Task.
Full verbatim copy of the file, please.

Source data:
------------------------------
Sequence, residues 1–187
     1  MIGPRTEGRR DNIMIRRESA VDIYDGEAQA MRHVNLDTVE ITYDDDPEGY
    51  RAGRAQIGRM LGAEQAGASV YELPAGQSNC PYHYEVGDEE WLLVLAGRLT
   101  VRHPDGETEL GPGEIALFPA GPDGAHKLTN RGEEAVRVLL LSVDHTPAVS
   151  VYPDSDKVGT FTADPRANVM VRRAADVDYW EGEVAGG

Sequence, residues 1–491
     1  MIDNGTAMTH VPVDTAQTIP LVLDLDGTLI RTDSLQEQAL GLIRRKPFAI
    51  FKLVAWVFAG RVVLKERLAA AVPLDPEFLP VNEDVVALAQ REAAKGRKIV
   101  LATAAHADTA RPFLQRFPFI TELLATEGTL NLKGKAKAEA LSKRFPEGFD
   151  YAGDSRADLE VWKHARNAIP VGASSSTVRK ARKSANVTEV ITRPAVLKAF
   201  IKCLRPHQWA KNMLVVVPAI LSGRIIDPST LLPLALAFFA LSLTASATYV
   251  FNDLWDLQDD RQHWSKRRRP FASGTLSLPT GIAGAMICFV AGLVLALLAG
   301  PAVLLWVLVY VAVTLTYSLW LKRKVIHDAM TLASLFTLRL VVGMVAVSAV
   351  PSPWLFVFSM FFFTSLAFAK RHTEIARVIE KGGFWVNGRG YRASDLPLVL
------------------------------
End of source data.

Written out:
Sequence, residues 1–187
     1  MIGPRTEGRR DNIMIRRESA VDIYDGEAQA MRHVNLDTVE ITYDDDPEGY
    51  RAGRAQIGRM LGAEQAGASV YELPAGQSNC PYHYEVGDEE WLLVLAGRLT
   101  VRHPDGETEL GPGEIALFPA GPDGAHKLTN RGEEAVRVLL LSVDHTPAVS
   151  VYPDSDKVGT FTADPRANVM VRRAADVDYW EGEVAGG

Sequence, residues 1–491
     1  MIDNGTAMTH VPVDTAQTIP LVLDLDGTLI RTDSLQEQAL GLIRRKPFAI
    51  FKLVAWVFAG RVVLKERLAA AVPLDPEFLP VNEDVVALAQ REAAKGRKIV
   101  LATAAHADTA RPFLQRFPFI TELLATEGTL NLKGKAKAEA LSKRFPEGFD
   151  YAGDSRADLE VWKHARNAIP VGASSSTVRK ARKSANVTEV ITRPAVLKAF
   201  IKCLRPHQWA KNMLVVVPAI LSGRIIDPST LLPLALAFFA LSLTASATYV
   251  FNDLWDLQDD RQHWSKRRRP FASGTLSLPT GIAGAMICFV AGLVLALLAG
   301  PAVLLWVLVY VAVTLTYSLW LKRKVIHDAM TLASLFTLRL VVGMVAVSAV
   351  PSPWLFVFSM FFFTSLAFAK RHTEIARVIE KGGFWVNGRG YRASDLPLVL